The Fair Work Ombudsman has recovered $233,087 in unpaid wages for 353 workers following an investigation into 19 outlets of fried chicken chain Gami Chicken & Beer.
Prior to the pandemic, Fair Work Inspectors made surprise visits to 15 outlets in Melbourne, two in Sydney and two in Perth last year, after the regulator received large numbers of requests for assistance and anonymous reports from workers about potential breaches of workplace laws.
Many of the contacts came from young and migrant employees, who the Fair Work Ombudsman knows can be potentially vulnerable due to age, visa status and reliance on a local job for income.
The franchisor operated six of the outlets visited, with the remainder operated by franchisees. Inspectors interviewed employees, managers and store owners on the ground and checked employment records and payslips.
The regulator found that all 19 of the audited outlets had underpaid employees, and 15 were not meeting payslip and record-keeping obligations. The most common breaches found were underpaying penalty rates (33 per cent) and underpaying the minimum hourly rate (13 per cent).
Inspectors reported that the most common reason given by employers for non-compliance was a lack of awareness of all workplace obligations (68 per cent).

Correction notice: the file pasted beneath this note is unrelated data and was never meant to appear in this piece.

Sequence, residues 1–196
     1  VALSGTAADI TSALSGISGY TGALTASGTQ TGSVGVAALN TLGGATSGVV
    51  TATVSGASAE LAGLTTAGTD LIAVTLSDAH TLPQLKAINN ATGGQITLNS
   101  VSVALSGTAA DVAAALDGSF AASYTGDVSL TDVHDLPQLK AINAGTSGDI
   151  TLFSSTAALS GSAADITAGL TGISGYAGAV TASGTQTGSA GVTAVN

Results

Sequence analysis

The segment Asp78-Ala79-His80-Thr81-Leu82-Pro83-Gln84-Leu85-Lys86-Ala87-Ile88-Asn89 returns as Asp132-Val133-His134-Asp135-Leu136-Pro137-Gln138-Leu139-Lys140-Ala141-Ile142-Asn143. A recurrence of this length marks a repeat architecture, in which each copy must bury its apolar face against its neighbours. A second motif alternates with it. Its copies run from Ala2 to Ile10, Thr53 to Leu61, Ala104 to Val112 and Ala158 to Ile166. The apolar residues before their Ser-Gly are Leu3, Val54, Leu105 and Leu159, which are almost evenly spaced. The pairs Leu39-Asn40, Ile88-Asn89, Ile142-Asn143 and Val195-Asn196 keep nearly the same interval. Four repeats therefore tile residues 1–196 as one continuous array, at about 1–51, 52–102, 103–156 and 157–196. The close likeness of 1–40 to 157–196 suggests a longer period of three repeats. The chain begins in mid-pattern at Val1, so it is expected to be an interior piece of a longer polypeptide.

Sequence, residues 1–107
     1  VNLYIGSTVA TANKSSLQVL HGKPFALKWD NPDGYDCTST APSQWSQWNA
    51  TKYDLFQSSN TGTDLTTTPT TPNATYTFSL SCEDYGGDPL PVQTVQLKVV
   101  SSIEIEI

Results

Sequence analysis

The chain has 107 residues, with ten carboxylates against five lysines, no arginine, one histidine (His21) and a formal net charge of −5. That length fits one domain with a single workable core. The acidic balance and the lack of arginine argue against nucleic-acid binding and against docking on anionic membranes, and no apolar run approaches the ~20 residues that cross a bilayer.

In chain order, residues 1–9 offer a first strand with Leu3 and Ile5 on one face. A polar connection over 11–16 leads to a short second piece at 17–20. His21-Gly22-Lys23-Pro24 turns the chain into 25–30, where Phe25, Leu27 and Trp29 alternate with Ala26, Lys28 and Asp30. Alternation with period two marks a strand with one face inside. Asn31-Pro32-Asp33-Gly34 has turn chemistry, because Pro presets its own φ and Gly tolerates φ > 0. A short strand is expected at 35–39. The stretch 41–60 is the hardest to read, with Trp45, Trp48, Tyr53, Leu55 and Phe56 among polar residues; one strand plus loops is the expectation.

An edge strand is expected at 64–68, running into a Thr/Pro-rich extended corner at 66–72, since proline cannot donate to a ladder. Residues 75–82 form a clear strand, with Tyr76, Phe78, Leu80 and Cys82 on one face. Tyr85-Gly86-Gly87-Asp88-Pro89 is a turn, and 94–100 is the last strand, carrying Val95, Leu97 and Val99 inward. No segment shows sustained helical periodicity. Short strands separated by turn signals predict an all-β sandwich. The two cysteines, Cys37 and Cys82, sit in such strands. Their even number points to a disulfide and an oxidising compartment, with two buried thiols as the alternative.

In total, $216,847 was recovered for 241 Melbourne workers, $6,879 for 43 Sydney workers and $6,779 for 55 Perth employees. Recoveries from individual businesses ranged from $1,129 for eight employees in a Sydney business to $49,069 for 17 employees in a Melbourne business.
Fair Work Ombudsman Sandra Parker said the high rates of non-compliance were unacceptable.
“Inspectors found that Gami Chicken & Beer operators had simply not prioritised meeting their lawful obligations to their workers,” Ms Parker said.
“A lack of awareness is not a valid excuse for a business to breach workplace laws. The FWO expects all employers to comply with workplace obligations and they should access our free tools and resources if they need assistance. Any employees with queries about pay should contact us.”
“Improving compliance among franchises in the fast food, restaurant and café industry, who employ many vulnerable workers, continues to be a priority for us,” Ms Parker said.
In response to the breaches, inspectors issued 18 compliance notices requiring employers to rectify breaches of the law, resulting in $233,087 back-paid to workers. There were 10 formal cautions, and nine on-the-spot fines with penalties totalling $25,410.
One business remains under investigation and may face legal proceedings.
The other businesses were advised that future breaches will likely lead to enforcement action. The FWO continues to enforce workplace laws in a proportionate manner during the pandemic.